Sunday, August 12, 2007
Crime and the Antique Solution
The first thing you should know is that the title is a blatant borrow from the Australian, Birthday-Party-member-having art rock band Crime and the City Solution. Change one word and voila! A song title! The relationship between the two doesn't have anything to do with anything, other than the fact that I heard the band on Wings of Desire one day a few years ago and thought it was a rather handsome group of words that played well together.
The second thing you should know is that we don't condone the use of time traveling portals, wormholes, or any other machinery that would make such a feat possible, without first consulting with your family quantum physicist. If you're a subscriber to the Grandfather Paradox theory (or in modern terms, The Marty McFly Conundrum), the changing of past events would cause current circumstances to change. Hence the phrase, "I'm fading away…"
Musically, Crime was a no-brainer. Other than a guitar being run through a leslie, no strange or experimental recording techniques were employed. I vaguely remember the verses (which are in 7, if you were wondering) being in some way influenced by an old Genesis song, but I can't remember which one. It's definitely not the one with the drum fill that goes doo-doom doo-doom doo-doom doo-doom BAP BAP! I was really proud of the "fading away" section, mostly because I was able to throw in what I call a "pink" note – a single note change that brings a minor chord around to being major, and therefore in a much better mood.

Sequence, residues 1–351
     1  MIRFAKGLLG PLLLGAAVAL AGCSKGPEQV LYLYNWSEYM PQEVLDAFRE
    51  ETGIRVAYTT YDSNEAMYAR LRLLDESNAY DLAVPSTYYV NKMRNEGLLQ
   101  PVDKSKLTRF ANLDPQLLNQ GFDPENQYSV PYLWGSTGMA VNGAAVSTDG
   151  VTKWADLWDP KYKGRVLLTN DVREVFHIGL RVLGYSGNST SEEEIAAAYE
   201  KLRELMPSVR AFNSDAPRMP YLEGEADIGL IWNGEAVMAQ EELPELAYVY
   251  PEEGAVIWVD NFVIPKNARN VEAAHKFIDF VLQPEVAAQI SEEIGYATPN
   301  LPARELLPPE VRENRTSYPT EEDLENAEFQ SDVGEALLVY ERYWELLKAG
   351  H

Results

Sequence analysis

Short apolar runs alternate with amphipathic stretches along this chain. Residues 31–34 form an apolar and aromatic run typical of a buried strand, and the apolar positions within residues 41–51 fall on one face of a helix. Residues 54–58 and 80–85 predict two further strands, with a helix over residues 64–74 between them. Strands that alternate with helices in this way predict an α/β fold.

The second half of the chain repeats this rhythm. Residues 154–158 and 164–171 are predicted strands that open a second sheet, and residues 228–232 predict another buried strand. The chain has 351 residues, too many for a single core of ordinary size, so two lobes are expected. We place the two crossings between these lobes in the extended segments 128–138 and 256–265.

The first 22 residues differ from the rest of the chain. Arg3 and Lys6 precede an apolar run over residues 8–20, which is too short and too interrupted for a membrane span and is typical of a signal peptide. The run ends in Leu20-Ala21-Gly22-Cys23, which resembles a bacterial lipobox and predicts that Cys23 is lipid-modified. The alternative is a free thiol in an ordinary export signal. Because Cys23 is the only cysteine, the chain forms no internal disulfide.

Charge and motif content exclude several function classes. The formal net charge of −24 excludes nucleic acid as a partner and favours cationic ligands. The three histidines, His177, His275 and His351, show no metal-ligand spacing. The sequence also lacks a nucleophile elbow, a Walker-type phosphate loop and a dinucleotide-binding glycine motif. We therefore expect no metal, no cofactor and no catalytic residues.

One of Fridmann's major contributions to this song was the middle noise section. We had never really thought about making that section sound nearly as chaotic as it does. I don't know how many guitar tracks are smashed in there, but I do know it's a lot. Dave loves him some freak-outs. And we have come to the realization that it can be a lot more fun than actually playing music.
Incidentally, there were two separate mixes posted at different times: the noisy, psychedelic Dave mix, and a cleaner, radio-friendly mix. If you were observant, you may have caught it…
Warm, safe, and dry...
Jonathon Christopher Newby of Brazil